It is very easy to assign one of the many available quizzes for your students or set them one of your own quizzes. Again, Craig has described the process in a video (it takes seconds to do!)
Standard Form

I thought I would try this with a quiz I created earlier on Standard Form and all worked well. I logged on as a student to test this and did very well! At the end of a quiz the student can review the questions, read explanations by other students and could also download the quiz if they wished.

This is certainly a feature I will be experimenting more with. Happily I have excellent students who like to be given further resources which enable them to help themselves.

Another thank you to Craig Barton and Simon Woodhead for creating and developing this outstanding resource. Talking of further developments Craig tells me that a Quiz Preview function (currently an easy way to preview a quiz is to download a worksheet) and a newly improved Data Quiz page will be available very soon.

Diagnostic Questions

Logs & ExponentialsPlanning some lessons for the week I realised that I will be telling all my students about Craig Barton’s and Simon Woodhead’s wonderful Diagnostic Questions website so thought I would write this week’s post on that (again!). By some amazing coincidence as I started typing – into my inbox comes notification of a new post from Craig! He has been writing lots of lovely new questions and we can look forward to more (thank you so much Craig!).

Diagnostic Questions can make a great start (or any time!) to a sixth form lesson. I will be teaching Year 13 (UK age 17-18) this week about logs and exponentials. The Advanced Pure section has a growing and great selection of questions. Checking Logarithms and Exponentials I think those will do nicely as part of my lesson! As a registered user I was able to create a quiz consisting of all these questions. By creating a quiz one can order the questions exactly as required and also very easily create a PowerPoint slideshow for offline use, alternatively or as well – simply download the pdf version.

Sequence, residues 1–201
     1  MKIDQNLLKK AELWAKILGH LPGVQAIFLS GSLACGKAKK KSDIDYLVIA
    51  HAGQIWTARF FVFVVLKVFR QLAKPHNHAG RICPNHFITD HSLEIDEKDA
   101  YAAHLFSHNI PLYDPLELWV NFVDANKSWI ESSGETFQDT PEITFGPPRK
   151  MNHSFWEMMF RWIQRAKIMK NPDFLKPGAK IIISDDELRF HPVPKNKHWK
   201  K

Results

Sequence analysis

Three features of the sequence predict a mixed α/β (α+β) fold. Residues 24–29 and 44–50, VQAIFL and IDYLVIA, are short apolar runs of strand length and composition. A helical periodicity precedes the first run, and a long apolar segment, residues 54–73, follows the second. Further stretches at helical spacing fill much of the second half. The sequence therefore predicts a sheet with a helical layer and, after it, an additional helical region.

I find the easiest way to create quizzes is to use the Instant Quiz Facility which I have written about before; I thought it would be worth putting all the instructions together so created the following slideshow showing how I created the quiz on logs and exponentials. To create a new quiz I make sure that the Instant Quiz has no questions currently in it so have got into the habit of clearing it out once I have created a new quiz. The instructions for doing so are included here.

I created the following PowerPoint:
Logarithms & Exponentials diagnostic questions and to see the pdf version choose this file: Logs & Exponentials Diagnostic Questions. To view the quiz online then follow this link.

Diagnostic Questions – by Year 7

This slideshow requires JavaScript.

I have used the excellent diagnostic questions site on several occasions and last week set Year 7 the task of writing some diagnostic questions on two topics we have been studying recently – Sequences and Co-ordinates. The questions in the above slideshow were all written by Year 7 students and are typical of their questions.

Not only did they have to write the questions but indicate the correct answer and explain the reasoning behind the multiple choice answers they had given. This proved an excellent homework in that students showed that they really understood the topics and the possible misconceptions that can arise. Some students commented that they had included particular answers because they were typical of the mistakes they or their friends made. I believe that thinking about possible wrong answers has given them a deeper understanding.

I would certainly do this again and have added the idea to the homework ideas page.

Diagnostic Questions revisited

questionsIt was a couple of  weeks ago I wrote about Craig Barton’s and Simon Woodhead’s brilliant Diagnostic Questions site. At the beginning of November I wrote that there were in excess of 1300 questions, just a short time later there are over 1600 questions (September 2014 update – more than 2500) – brilliant! There are some fantastic new questions – do explore all the recent additions.

I have been using this in class, with Year 7 we used some algebra questions; this led to some excellent discussions, not only did we discuss the right answers but all the wrong ones as well. We even decided on some alternative responses that could have been used. I feel a homework coming on here – we’ll write our own questions. Watch this space!
Update: Diagnostic Questions by Year 7.

It is now possible to download a quiz you have created and easily create a PowerPoint slideshow for offline use. I have created a slideshow with instructions:

Diagnostic questions download and create PowerPoint slideshow from Colleen Young

Craig has created this video giving a tour and commentary on the site: